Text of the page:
Sensitivity assessment. The available evidence indicates that Modiolus modiolus is an osmocomformer and is able to tolerate decreases in salinity for a short period.  However, a decrease in salinity at the pressure benchmark would be considered to result in the mortality of all adults within the biotope over the course of a year.  This assessment is supported by observed distribution across different salinity regimes (Connor et al., 2004, Dineson & Morton, 2014) and laboratory experiments (Shumway, 1977, Pierce, 1970) which suggest that a change at the pressure benchmark would exceed the lower threshold tolerance of adults over the course of a year.  It also considered highly likely that the population of Cerianthus lloydii would suffer mortality at the pressure benchmark.  Resistance is ‘None’, resilience is ‘Low’, giving the biotope a sensitivity of ‘High’.  

High High Not sensitive
Q: High
A: High
C: Medium
Q: High
A: Medium
C: Medium
Q: High
A: Medium
C: Medium

Adult Modiolus modiolus occur commonly in areas with moderate to high water exchange in Nova Scotia (Wildish & Peer, 1983; Wildish & Kristmanson, 1985, 1994; Wildish & Fader, 1998; Wildish et al.,1998), and low field densities have been correlated with low current regimes and reduced food availability.  Densities of up to 220 individuals/m2 have been recorded from the Faroese shelf (Dinesen, 1999) where maximal tidal current speed was estimated to be between 79 and 98 cm/s at two Modiolus modiolus sites (Nørrevang et al. 1994, BIOFAR Stn. 661 & 662; cited from Dinesen & Morton, 2014).  Mair et al. (2000) also observed that in Scottish sites with Modiolus modiolus beds, densities were greater where there were high tidal currents.

Comely (1978) suggested that areas exposed to strong currents required an increase in byssus production, at energetic cost, and resulted in lower growth rates.  At water velocities exceeding 16 cm/s in a flume tank, Carrington et al. (2008) observed that Modiolus modiolus individuals could not extend the foot beyond the shell to form and attach byssus threads.  However, the mussel bed reduces water flow rates by increasing drag through friction.  Carrington et al. (2008) observed that mussel beds of Mytilus trossulus and Mytilus galloprovincialis in laboratory and field studies were able to reduce flow rates between 0.1 and 10% of free-stream velocity.  This modification of flow may enhance suspension feeding in areas of high current flow and allow byssus production to continue (Carrington et al., 2008).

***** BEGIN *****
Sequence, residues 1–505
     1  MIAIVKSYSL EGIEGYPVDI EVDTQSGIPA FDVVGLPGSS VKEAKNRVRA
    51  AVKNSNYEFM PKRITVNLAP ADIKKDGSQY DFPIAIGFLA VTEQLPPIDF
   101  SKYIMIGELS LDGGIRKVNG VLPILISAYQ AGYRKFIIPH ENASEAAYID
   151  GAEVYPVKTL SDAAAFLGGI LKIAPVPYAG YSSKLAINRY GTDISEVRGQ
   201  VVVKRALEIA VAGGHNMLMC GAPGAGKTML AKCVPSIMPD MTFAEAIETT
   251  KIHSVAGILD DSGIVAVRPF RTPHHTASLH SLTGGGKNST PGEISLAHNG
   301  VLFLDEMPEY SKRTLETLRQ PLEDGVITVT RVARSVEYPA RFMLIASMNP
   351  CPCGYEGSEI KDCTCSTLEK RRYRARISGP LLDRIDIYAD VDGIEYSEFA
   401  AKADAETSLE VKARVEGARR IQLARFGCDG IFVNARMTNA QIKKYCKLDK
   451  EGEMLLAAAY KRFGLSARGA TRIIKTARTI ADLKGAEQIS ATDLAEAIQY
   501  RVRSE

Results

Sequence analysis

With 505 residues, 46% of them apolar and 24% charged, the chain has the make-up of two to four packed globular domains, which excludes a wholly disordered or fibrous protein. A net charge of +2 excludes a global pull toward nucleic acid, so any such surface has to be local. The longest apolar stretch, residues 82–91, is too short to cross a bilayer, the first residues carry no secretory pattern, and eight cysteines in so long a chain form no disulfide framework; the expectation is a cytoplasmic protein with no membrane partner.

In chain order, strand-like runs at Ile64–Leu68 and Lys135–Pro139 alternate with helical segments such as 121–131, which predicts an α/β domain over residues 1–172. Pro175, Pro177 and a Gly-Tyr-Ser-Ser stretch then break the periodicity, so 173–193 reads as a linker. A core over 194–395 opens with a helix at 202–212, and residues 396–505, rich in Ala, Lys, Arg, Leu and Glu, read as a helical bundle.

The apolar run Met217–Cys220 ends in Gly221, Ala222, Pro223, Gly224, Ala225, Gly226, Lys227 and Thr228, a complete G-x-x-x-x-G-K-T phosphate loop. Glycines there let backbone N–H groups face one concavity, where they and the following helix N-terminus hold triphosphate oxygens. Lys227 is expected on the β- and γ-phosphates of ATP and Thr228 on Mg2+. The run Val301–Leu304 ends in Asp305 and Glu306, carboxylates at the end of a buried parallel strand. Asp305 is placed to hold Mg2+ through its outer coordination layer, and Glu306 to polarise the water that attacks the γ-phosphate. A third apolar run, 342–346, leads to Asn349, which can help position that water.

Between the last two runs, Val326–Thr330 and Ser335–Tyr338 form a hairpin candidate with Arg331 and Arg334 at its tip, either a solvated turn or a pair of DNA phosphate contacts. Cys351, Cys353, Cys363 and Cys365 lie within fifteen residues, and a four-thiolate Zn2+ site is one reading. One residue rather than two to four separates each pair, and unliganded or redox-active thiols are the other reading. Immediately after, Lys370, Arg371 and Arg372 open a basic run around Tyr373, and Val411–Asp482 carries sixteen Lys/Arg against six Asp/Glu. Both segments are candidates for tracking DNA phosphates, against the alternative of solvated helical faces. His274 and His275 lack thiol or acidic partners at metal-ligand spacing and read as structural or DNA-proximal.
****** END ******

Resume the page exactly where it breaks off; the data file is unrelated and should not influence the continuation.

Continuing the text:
Wildish et al. (2000) examined suspension feeding in Modiolus modiolus in a flume tank and noted that individuals kept the exhalent and inhalant siphons open over the range of flow rates studied, from 0.12-0.63 m/s. However, the inhalant siphon closed by about 20% in currents above 0.5m/s.

Fouling by epifauna and algae in the infralittoral may also decrease the population’s resistance to increased water flow.  Witman (1984, cited in Suchanek, 1985) found that over 11 months in New England, 84% of fouled mussels were dislodged in comparison with 0% of unfouled individuals.  As the beds described by the biotope group occur in the circalittoral, algal overgrowth is not relevant, but the presence of high levels of epifauna on circalittoral beds may similarly increase dislodgement.

Changes in water flow may also be a spawning cue, although the available evidence does not strongly support this hypothesis.  Schweinitz & Lutz, (1976) observed spontaneous, spawning in a group on Modiolus modiolus individuals kept in a tank when the water flow stopped, while previous attempts to induce spawning by various methods had failed.  However, subsequent attempts to induce spawning by stopping the water flow failed (De Schweinitz & Lutz, 1976).  A similar spawning response  to the cessation of flow in Mytilus edulis (Williamson, 1997) was cited (De Schweinitz & Lutz, 1976).

Holt et al. (1998) suggested water movement was important in the development of dense reefs and beds of Modiolus modiolus.  The weak to very weak tidal streams within this biotope may contribute to the lower abundances of Modiolus modiolus, that might suggest that the water flow conditions are not optimum within this biotope.  An increase in water flow may benefit the Modiolus modiolus and could improve larval dispersal, food abundance and gaseous exchange rates.  A decrease in water flow rate, would reduce water flow to almost nothing.  As Modiolus modiolus survives best in conditions with higher levels of water flow, this reduction could cause a reduction in its abundance. 

Evidence for the effect of changes in water flow on Cerianthus lloydii is unavailable.  This species is recorded from biotopes with a wide range of water flow regimes.  Therefore, it is likely to have a high tolerance to an increase in water flow rates.  However, a decrease in the water flow rate within this biotope will create almost entirely still conditions.  The effect of such low water flow rates on this species is not clear.